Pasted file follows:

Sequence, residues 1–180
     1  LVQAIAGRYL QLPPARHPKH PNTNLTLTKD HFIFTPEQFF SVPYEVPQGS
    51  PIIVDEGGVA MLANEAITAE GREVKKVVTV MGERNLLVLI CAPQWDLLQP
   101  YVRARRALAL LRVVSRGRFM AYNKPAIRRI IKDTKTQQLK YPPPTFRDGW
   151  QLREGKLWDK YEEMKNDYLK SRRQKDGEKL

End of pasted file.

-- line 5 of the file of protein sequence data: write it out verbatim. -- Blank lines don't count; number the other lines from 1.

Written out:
   151  QLREGKLWDK YEEMKNDYLK SRRQKDGEKL